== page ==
Chris Thile, Sara Watkins and Sean Watkins have performed together as Nickel Creek for more than 30 years. The trio first met in 1989 in Southern California and released six albums between 1993 and 2014, though the first two are out of print and not available on streaming services. They took an extended hiatus in 2007 before returning with a new album and tour in 2014. The trio also regularly performed on NPR's Live From Here, which Thile hosted until the radio series ended in 2020. Most recently, they reunited for Nickel Stream: A Livecreek Experience, a series of live performances available to stream online in early 2021.

While each Nickel Creek member remain occupied with other projects, the original band is always a place they'll return. In addition to Live From Here, Thile is a founding member of Punch Brothers, with whom he still performs alongside Gabe Witcher, Noam Pikelny, Chris Eldridge and Paul Kowart. Their band has released six full length albums and two EPs, including their most recent record Hell on Church Street, which dropped on Jan. 14, 2022. Sara Watkins and her brother Sean regularly perform solo and as The Watkins Family, and they're regularly joined by Benmont Tench of Tom Petty and the Heartbreakers. Sara also formed I'm With Her in 2018, where she played alongside Sarah Jarosz and Aoife O'Donovan. As a solo artist, Sean Watkins has release six full length albums.

The trio stays pretty busy, even when they're apart. Their careers really took off when Alison Krauss produced their eponymous 2000 album that earned multiple Grammy nominations. Their catalog is an eclectic mix of traditional bluegrass instrumentals, genre-bending originals that can fit on country or pop radio and bluegrass cover versions of other artists. Notably, the band covered Pavement's "Spit on a Stranger" on 2002's This Side and Mother Mother's "Hayloft" on 2014's A Dotted Line. For this list, we'll focus on the first two and exclude the covers.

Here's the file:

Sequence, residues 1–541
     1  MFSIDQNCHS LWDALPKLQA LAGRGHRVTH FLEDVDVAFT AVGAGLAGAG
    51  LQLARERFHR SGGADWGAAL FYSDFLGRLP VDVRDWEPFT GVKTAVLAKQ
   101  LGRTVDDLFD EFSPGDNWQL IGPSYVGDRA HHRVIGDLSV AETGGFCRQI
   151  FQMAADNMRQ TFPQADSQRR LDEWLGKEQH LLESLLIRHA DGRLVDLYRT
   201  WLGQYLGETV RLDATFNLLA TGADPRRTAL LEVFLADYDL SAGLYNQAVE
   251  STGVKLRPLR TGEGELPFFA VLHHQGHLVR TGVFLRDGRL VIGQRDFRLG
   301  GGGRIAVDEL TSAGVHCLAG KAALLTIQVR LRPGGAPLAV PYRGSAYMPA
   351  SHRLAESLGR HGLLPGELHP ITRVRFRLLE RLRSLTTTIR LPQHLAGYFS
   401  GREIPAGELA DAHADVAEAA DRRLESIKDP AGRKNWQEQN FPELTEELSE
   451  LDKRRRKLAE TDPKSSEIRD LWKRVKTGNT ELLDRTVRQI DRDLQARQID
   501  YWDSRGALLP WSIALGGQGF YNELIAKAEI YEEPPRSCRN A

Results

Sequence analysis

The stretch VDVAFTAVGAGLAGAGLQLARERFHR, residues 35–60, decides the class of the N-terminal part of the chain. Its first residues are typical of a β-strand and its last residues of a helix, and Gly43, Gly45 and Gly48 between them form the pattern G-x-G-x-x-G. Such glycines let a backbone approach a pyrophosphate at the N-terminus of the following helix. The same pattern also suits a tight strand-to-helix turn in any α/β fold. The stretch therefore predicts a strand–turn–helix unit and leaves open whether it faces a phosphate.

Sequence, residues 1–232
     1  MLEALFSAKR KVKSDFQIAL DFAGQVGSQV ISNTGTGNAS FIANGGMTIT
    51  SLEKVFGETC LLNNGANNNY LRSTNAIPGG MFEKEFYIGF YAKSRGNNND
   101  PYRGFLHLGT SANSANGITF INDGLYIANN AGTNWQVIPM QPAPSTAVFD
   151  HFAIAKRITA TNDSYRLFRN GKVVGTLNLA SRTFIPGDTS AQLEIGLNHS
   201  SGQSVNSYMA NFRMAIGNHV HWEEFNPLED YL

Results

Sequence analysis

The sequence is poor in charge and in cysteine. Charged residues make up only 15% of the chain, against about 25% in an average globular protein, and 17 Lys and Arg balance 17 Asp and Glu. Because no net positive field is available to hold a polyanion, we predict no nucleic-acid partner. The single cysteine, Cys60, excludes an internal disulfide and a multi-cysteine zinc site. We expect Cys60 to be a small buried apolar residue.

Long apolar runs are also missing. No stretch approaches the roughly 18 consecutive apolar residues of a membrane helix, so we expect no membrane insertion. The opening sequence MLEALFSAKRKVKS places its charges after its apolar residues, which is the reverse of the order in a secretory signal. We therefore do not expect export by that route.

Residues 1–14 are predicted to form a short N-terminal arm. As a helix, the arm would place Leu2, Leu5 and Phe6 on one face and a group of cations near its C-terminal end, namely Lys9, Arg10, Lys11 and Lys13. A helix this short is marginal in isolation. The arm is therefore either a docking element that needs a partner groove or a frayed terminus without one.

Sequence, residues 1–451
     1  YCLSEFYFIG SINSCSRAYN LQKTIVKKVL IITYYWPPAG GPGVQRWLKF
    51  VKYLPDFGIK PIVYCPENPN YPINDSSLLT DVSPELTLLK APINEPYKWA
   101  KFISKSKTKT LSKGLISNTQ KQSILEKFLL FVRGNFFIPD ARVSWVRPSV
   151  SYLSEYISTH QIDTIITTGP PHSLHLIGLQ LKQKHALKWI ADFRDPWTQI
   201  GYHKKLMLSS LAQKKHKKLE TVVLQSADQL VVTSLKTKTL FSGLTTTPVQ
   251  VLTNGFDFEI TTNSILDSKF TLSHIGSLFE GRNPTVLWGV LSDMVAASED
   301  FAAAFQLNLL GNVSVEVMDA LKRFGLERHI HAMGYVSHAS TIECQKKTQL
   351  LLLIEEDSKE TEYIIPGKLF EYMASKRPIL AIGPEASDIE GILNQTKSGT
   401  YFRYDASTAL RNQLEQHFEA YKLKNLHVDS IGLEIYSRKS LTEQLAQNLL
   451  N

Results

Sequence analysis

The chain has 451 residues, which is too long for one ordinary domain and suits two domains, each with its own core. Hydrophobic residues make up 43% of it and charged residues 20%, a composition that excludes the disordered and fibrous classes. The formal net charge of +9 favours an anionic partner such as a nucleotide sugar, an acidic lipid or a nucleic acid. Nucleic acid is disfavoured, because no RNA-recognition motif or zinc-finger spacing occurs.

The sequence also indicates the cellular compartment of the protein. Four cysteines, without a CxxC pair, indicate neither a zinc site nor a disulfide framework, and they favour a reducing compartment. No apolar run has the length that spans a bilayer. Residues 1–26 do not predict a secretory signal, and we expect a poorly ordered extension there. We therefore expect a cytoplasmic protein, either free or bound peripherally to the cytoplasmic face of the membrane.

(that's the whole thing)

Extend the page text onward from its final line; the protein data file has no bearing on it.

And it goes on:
Here are The Boot's picks for Nickel Creek's top 10 best songs, so far:

  • 10


    From: 'Why Should the Fire Die?' (2005)

    Most of Thile's songs are filled with self-loathing, heartbreak and tragedy. This one is a lot of the first. In "Helena," the narrator womanizes while simultaneously wanting to be alone.

    "You are good Helena / Guys like me never sleep alone at night / I don't need your sympathy / Cause I'll always be / Just fine / Yeah I'll always be / Just fine"

  • 9

    "When in Rome"

    From: 'Why Should the Fire Dire?' (2005)

    Penned by Thile, "When in Rome" is about "burning it all down," and instrumentally matches its lyrical themes more than most of the trio's other tracks.

  • 8


    From: 'A Dotted Line' (2014)

    A breakup song featuring Sara on lead vocals, "Destination" is centered on the type of relationship that people often hurry back to as soon as another one fails. But this time, the narrator is determined to move on for good.

    "I've got to make a destination / Find a place I'll be loved / This time I've got no hesitation / And I'll be moving on"

  • 7

    "21st of May"

    From: 'A Dotted Line' (2014)